With the impending near-term threat of sequestration in the United States and the certain decrease in U.S. defense spending over the next five years, markets in the Middle East and Asia stand out as key customers for American aerospace and defense companies in search of new and sustainable business opportunities.
Against this backdrop, Abu Dhabi’s International Defense Exhibition and Conference (IDEX 2013) in February and the Dubai Air Show, taking place in November, have emerged as the “must attend” trade events for the industry.
In the face of emerging threats to regional security, a rapid evolution of cyber and terror threats globally and developing situations in Iran and Syria, IDEX stands apart from other regional forums as the only major international defense and security conference held in the Middle East-North Africa region that provides an open and transparent business development venue for military, defense and commercial stakeholders.
In that regard, IDEX will attract senior government and industry delegations from around the world. Further, new international sales that will define the future of the industry are expected to be announced and signed during IDEX.
For its part, the United Arab Emirates (UAE) has assumed a vital role in support of multilateral efforts to secure international trade routes and protect the region against state and nonstate actors that threaten stability. In doing so, the UAE hopes to serve as one positive example that others in this turbulent region might strive to emulate.
These efforts complement each other and are supported by commercial relationships with global firms, including strategic partnerships with American companies supporting the development of the UAE’s land, air and naval defense capabilities and servicing the U.S. military presence in the country.
In fact, the UAE government has selected commercial aerospace and defense as a key sector to develop domestically, as outlined in UAE Vision 2021, the country’s federal economic development scheme. The country is diversifying its national economy and building sufficient local capacity to support economic growth for decades.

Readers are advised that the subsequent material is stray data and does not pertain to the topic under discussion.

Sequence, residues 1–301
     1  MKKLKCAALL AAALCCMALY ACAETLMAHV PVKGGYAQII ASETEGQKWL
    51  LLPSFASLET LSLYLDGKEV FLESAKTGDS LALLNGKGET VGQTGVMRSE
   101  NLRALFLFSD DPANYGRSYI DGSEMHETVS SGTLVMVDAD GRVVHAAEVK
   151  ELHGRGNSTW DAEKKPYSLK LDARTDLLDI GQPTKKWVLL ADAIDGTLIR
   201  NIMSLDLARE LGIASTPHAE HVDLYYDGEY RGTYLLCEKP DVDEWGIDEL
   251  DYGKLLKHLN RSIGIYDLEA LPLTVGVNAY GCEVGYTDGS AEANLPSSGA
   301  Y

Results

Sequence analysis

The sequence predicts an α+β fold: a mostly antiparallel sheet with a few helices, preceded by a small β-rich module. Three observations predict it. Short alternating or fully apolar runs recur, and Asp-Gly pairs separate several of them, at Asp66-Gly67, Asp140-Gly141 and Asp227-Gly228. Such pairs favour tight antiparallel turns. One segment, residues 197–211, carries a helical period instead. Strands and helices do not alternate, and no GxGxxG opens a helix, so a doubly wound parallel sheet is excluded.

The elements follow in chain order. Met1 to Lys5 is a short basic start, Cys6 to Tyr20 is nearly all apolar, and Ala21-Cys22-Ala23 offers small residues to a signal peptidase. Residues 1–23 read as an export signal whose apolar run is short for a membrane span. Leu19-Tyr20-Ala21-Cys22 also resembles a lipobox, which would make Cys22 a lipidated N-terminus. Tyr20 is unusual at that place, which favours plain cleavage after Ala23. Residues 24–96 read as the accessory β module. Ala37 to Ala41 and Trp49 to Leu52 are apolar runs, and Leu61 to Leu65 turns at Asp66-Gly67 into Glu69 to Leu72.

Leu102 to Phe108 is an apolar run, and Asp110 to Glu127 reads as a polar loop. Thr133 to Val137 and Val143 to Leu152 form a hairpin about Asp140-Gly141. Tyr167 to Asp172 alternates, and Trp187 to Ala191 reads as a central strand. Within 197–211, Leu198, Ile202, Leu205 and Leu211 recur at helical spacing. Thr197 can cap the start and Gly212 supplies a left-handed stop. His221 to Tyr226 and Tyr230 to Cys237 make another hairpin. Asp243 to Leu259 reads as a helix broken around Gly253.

Mubadala Aerospace, a subsidiary of Abu Dhabi’s state-owned investment vehicle Mubadala Development Co., is leading this effort by providing capital to fund subsidiaries and to recruit industry thought leaders from the U.S. and around the world to train and work alongside Emiratis.
Other local companies, such as Tawazun, the International Golden Group and Emirates Advanced Investments, are greatly contributing to the UAE’s efforts to build a niche defense industry in the areas of sustainment; maintenance, repair and overhaul; and manufacturing. Notably, over 147 UAE-based companies will be exhibiting at this year’s IDEX, with many ready to serve as the “go to” partners for U.S. defense firms hoping to find new business opportunities in the UAE and across the region.
Regionally, countries have also placed a renewed emphasis on developing homeland security capabilities, critical national infrastructure protection and new cyber defense systems to protect domestic interests and allow for the cultivation of sustainable economic relationships. In the face of these emerging threats, countries are strengthening security capabilities while forming strategic partnerships to bolster broader efforts under the shield of common security and foreign policy objectives.
Attending IDEX will allow decision-makers in the region to advance existing commercial partnerships and form new relationships key to their national interests and regional security.
As host of IDEX 2013, the UAE has an opportunity to leverage this year’s conference to showcase its critical role as a maintainer and promoter of regional economic stability and global energy security, as well as its ambition to establish a sustainable defense industry linked to the global defense market.
IDEX also provides a platform to highlight the UAE’s current manufacturing capabilities to global consumers and its strategy to develop its commercial defense and security industries.
Finally, with the large U.S. government and military delegation expected to attend IDEX this year, the defense show offers multiple opportunities for government and industry to discuss problems associated with the slow process of U.S. technology release, the growing demand and burden of defense offsets and the barriers to closer defense industrial cooperation. Making progress on resolving some of these thorny problems will go a long way in growing and sustaining opportunities in this market.
With the amount of sales announced during IDEX 2013 expected to be the largest ever, exposure provided to U.S. firms at this year’s show will likely drive their sales in the region for the next five years.
By Danny Sebright, president of the U.S.-U.A.E. Business Council and a counselor at The Cohen Group in Washington. He has worked on defense and security matters related to the Middle East under six U.S. secretaries of defense.